char.gy's CEO Founder Shares The Secrets of Future EV Charging with Torque News
British startup char.gy believes it found a solution to this EV urban problem by putting open access charger point stations on street lampposts:
- -EV drivers will be able to charge their vehicles at any public street charge point without the need for any subscription, membership card or special cable.
- -Universal: you can even charge your Tesla or someday your Rolls Royce electric
- -This is for a slow charge, not a fast charge
- -Charge points in lamp posts can offer an unmetered electricity supply with an Unmetered Supply Certificate, issued by ELEXON.
- -All char.gy units are fully AFI compliant and ELEXON certified.
- -They fit almost any lamp post and provide power levels of up to 7.7 kWh.
- -Charging is activated via a smartphone app, which processes access and payments.
- -Once activated the plug and cord are locked in until the owner retrieves it.
- -Emergency first responders can call 24/7 for emergency deactivation
- -Users can pay as they go, or opt for a cost-saving package rate.
- -Coming to the states end of next year
EVs and Street Parking
Mr. Richard Stobart is, at least by this American reporter’s standard, a cosmopolitan Londoner who just wanted to get on the EV bandwagon by buying an electric car and go green like his British peers are. But as he contemplated an electric car purchase, he realized that London street parking would make it a challenge. “When you buy a laptop,” Mr. Stobart tells me with CEO certainty, “you don’t think about where to plug it in. The same thing should be for these electric cars.” There was no way to have a place or time to charge the car between work and home. He became frustrated.
The ideal place to have an electric car is in the big city, but unless you have your own house with a garage and a charging station or have or make tons of money, how can anyone keep and take care of an electric car in a city? Mr. Stobart forewent buying an electric car until recently, because he had to take care of his necessity, so it may first become the father of his invention: why don’t they make chargers out of all these lamp posts on the street? Wouldn’t they save money doing that in the first place?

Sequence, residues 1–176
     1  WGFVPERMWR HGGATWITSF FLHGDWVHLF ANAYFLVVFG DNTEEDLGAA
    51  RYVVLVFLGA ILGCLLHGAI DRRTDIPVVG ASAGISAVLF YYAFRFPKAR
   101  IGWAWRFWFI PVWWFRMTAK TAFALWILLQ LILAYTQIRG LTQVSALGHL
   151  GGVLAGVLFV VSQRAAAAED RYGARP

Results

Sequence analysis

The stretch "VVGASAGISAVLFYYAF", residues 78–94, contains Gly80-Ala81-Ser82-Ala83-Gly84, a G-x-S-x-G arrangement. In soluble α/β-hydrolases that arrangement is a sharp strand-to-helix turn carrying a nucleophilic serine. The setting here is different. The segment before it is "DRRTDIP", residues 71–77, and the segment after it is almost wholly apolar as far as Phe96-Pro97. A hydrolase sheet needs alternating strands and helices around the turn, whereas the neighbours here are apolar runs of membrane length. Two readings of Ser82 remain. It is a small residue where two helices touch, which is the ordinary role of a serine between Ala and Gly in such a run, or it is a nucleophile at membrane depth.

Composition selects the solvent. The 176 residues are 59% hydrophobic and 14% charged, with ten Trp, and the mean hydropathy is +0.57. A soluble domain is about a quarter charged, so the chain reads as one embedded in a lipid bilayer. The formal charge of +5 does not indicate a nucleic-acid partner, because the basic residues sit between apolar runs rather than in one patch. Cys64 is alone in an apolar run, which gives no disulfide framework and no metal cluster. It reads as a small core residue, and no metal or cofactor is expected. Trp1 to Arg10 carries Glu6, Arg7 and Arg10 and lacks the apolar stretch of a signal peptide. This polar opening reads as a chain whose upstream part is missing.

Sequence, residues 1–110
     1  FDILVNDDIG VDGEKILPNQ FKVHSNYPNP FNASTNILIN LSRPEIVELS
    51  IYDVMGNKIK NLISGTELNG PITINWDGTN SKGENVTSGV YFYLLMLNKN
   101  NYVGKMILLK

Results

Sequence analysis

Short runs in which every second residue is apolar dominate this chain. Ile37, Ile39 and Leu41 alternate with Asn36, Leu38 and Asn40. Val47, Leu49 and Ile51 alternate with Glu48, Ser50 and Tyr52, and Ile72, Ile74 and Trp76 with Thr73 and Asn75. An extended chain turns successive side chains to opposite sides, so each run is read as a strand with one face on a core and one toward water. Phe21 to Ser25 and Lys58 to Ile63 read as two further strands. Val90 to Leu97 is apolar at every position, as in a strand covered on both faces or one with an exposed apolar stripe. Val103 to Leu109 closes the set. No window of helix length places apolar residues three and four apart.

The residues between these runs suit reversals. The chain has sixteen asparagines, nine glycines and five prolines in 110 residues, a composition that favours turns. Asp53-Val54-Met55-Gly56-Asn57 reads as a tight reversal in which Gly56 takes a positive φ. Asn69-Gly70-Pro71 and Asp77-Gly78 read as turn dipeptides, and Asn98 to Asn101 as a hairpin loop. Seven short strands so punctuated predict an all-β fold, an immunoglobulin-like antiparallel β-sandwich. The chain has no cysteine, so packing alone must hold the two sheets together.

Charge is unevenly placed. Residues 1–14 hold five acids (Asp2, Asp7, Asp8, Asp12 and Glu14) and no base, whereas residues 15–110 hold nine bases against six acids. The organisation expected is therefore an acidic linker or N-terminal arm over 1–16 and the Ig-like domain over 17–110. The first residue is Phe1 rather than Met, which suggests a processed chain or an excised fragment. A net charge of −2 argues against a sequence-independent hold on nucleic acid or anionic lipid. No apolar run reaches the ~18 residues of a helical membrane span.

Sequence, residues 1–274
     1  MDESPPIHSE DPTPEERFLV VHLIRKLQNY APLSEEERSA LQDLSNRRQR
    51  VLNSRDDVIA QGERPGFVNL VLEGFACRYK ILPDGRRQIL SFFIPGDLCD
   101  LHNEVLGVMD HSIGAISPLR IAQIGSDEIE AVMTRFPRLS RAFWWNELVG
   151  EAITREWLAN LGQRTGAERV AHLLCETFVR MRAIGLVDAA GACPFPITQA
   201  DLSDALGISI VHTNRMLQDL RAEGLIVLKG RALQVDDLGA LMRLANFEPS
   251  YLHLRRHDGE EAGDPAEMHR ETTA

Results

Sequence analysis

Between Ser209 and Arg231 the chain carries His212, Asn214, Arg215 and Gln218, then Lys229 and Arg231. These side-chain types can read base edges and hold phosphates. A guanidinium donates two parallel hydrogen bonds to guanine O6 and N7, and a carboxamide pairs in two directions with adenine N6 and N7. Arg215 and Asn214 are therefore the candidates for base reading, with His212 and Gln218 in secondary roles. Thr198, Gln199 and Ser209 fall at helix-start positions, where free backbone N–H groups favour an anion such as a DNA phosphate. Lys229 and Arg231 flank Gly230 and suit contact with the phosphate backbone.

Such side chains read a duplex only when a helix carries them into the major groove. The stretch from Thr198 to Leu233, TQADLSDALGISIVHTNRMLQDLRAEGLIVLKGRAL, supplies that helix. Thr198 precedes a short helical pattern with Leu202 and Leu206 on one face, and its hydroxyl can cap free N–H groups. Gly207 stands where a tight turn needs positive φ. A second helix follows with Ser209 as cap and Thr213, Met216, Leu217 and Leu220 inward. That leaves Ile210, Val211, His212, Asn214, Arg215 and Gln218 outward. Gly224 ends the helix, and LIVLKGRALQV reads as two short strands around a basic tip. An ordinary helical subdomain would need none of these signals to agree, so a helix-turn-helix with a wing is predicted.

Mr. Stobart, entrepreneur and the founder of char.gy, recognized early in his startup some of the biggest sticking points that shouldn’t be to anyone buying a BEV: an apartment building, any urban setting, confined street parking usually overnight, or doesn’t belong to a network charging subscription plan or not even a network of chargers, for that matter. Mr. Stobart saw that these issues make living with a BEV more difficult in a city, that it’s often a deal breaker to get one. And if there’s any other place where it’s getting more critically important to eventually get one in lieu of a fossil motor car, it’s in the urban setting. Most large cities across the globe will eventually ban new gas car sales, already have congestion pricing to alleviate carbon, and eventually have super tight emissions rules that London already has all these anti-fossil features in place.
So what’s an urban hipster like Stobart and his friends to do if they want an electric avenue for BEV ownership other than car share? The London startup char.gy seems to have found the answer: putting public access charging stations right on the street lamps! Char.gy invented a charger box that can easily install on a street lamp so that EV urban parkers will be able to charge right on the streeet.
This is a game changer. Easy installation: instead of ripping up soil, sidewalks, asphalt, electrical lines and present infrastructure to install new charger stations, all that’s needed here is a minor cut, drill, snip, and screw. Easy to process: a selling point to char.gy’s charger point is that operation and payment is done through a cell phone and app, so there’s no need to take out a wallet. It’s universal: no fast charging applies here, but this is better than your EV just parked on the street and you can’t take it anywhere because you can’t find a station! And any car can use the network, whether you drive an electric Rolls Royce of the future to leave it vandalized on the street while unattended and charging , even present Tesla owners can use it if needed in a pinch! Its safe and secure: once charging is ready to begin the plugs lock onto each other until the owner retrieves them when they’re finished. There’s a 24/7 line with a response team if necessary, in case either you or say, the police can’t unlock the plugs and need to, like when your car is being towed for parking violation or scofflaw enforcement. Or you didn’t pay your charger network bill . . .
Mr. Stobart says his company is working on getting the stations to Canada and the US by the end of next year. Street lamp charger proliferation is now underway in the UK he says, while he and regulators work out minor sticking points, such as the legality of tapping into electrical lines.
You think lamp post charger stations are a good idea? Let us know in the comments section below.